COLUMBIA, SC (WIS) - Students at Columbia International University have gone more than a year-and-a-half without a library after theirs was severely damaged by fire in May 2010.
Luckily, the doors opened back up Tuesday.
Students were so excited about the opening of the new library they actually camped out overnight. They called it "Occupy Fleece". Fleece being the name of the library. But students say their "occupying" was not a protest, it was more of a party.
"This was great," said student Matt Densky. "I love it. I think we should do more stuff like this for everything."
Densky was one of several students who slept in sleeping bags, hammocks and tents the night before the first day of classes.
"It was kind of a joke, but talking with the librarian it was an answer to prayer because she had really been wanting to plan something big for the students to make it really special because it's been a really long time," said Occupy Fleece organizer Challie Shaver.
It was more than 20 months to be exact. An electrical fire in the library in 2010 damaged the building and thousands of books.
"It was kind of surreal," said Densky. "The whole library had burned, all the books had burned. You ask yourself the question, 'What is it going to look like now without a library?'"
Now the students have an answer.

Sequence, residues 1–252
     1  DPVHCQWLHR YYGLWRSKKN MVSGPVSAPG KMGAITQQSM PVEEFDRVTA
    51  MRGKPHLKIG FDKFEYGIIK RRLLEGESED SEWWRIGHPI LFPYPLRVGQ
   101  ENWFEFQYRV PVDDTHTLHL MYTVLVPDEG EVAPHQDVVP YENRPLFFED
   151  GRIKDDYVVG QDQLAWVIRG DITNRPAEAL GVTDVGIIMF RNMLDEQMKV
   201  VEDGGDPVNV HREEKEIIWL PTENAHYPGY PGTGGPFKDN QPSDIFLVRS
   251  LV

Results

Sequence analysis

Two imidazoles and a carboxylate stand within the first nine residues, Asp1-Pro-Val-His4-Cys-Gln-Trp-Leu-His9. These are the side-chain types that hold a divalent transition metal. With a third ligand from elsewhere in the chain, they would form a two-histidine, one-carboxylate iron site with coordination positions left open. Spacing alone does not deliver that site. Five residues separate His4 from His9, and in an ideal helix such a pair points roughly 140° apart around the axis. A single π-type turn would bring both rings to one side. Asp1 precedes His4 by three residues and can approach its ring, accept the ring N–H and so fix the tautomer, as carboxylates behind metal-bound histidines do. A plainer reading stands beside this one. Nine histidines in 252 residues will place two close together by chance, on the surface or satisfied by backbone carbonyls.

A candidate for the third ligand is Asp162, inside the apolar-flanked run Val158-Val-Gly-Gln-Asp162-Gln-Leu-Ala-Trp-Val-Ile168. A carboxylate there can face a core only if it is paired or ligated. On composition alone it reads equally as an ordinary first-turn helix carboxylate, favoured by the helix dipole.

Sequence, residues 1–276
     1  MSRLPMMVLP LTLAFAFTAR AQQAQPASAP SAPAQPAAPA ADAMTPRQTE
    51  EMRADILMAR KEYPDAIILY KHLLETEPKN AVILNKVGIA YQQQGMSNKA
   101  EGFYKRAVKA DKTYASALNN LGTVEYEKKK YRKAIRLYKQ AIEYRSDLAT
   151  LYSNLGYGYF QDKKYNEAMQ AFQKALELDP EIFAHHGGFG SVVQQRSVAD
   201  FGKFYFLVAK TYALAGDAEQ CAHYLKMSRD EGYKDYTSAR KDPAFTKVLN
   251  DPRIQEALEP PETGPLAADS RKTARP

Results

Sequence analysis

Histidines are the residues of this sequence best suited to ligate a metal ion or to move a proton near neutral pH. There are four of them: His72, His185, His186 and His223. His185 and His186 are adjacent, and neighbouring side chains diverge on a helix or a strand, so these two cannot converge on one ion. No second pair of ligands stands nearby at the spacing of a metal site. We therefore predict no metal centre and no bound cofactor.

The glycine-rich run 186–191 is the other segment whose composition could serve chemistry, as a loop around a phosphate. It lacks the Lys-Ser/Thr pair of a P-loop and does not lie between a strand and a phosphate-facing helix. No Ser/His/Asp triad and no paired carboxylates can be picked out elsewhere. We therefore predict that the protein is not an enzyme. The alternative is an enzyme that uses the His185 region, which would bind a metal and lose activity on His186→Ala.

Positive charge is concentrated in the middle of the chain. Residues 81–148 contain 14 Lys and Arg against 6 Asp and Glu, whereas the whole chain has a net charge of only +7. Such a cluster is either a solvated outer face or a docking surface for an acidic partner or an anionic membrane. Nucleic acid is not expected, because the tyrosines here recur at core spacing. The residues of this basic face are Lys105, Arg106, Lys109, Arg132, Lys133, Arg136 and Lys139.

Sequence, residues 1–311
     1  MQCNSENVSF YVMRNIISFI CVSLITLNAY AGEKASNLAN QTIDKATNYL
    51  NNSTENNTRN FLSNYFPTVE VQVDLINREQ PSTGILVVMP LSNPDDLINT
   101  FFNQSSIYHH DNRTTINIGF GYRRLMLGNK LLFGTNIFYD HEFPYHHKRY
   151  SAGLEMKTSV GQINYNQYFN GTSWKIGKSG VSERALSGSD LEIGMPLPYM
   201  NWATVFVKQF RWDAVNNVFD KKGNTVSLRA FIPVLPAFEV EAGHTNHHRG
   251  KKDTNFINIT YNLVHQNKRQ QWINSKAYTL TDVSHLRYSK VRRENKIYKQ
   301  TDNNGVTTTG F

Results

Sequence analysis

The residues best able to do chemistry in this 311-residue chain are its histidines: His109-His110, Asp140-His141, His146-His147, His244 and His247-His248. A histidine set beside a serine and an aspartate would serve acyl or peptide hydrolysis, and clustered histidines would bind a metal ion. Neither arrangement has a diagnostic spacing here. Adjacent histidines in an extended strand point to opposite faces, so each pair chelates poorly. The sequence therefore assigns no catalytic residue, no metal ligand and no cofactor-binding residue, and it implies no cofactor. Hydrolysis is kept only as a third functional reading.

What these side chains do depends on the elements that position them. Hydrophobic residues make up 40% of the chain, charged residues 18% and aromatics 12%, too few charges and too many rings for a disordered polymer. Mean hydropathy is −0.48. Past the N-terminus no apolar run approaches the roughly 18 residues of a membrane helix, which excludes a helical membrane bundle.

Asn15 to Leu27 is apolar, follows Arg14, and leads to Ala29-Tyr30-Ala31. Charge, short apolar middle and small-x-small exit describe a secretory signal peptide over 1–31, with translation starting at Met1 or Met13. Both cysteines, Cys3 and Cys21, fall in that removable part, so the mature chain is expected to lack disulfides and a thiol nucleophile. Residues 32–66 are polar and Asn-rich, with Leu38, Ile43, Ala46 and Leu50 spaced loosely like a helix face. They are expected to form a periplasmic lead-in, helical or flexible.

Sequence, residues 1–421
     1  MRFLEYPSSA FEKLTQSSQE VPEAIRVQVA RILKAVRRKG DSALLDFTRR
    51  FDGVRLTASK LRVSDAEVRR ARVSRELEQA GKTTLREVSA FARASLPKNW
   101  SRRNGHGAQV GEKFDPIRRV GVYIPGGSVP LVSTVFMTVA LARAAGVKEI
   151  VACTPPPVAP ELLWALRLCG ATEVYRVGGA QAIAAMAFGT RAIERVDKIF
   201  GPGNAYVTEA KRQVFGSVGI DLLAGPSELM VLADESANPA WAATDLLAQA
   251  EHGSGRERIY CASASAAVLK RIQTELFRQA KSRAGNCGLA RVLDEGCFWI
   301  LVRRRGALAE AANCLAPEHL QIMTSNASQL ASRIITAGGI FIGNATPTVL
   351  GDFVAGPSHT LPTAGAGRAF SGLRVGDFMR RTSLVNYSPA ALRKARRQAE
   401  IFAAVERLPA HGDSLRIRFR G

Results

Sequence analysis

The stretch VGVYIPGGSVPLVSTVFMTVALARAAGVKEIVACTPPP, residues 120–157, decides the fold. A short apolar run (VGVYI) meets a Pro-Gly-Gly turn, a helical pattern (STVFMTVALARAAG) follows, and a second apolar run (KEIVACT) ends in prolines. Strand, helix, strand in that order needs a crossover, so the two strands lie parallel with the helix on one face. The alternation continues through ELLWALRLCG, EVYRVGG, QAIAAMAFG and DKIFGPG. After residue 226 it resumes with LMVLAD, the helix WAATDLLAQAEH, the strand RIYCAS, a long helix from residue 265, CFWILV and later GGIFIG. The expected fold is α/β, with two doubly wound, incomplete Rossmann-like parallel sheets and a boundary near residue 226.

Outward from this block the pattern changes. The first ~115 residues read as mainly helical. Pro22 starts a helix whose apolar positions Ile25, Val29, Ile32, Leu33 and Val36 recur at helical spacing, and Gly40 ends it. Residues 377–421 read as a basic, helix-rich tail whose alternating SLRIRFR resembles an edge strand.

"I'm super excited," said student Amanda Keeny. "I thought I was going to graduate without getting to see it, so this is awesome."
After suffering $2.5 million in damage, but receiving more than $1 million in improvements, the library now a has a new facade, new iPad directory stations, a coffee nook, and ground floor collaborative study space.
For library director Jo Ann Rhodes, the day was filled with excitement.
"We've worked really hard to plan the new layout to make it something that was really beneficial to students," said Rhodes.
Scars from the fire remain on at least one wall in the library. While library officials have been unable to clean off the damage, Rhodes says it's a reminder of what happened the day of the fire and where things are now.
"I think about how good God has been to us to bring us to this place," said Rhodes.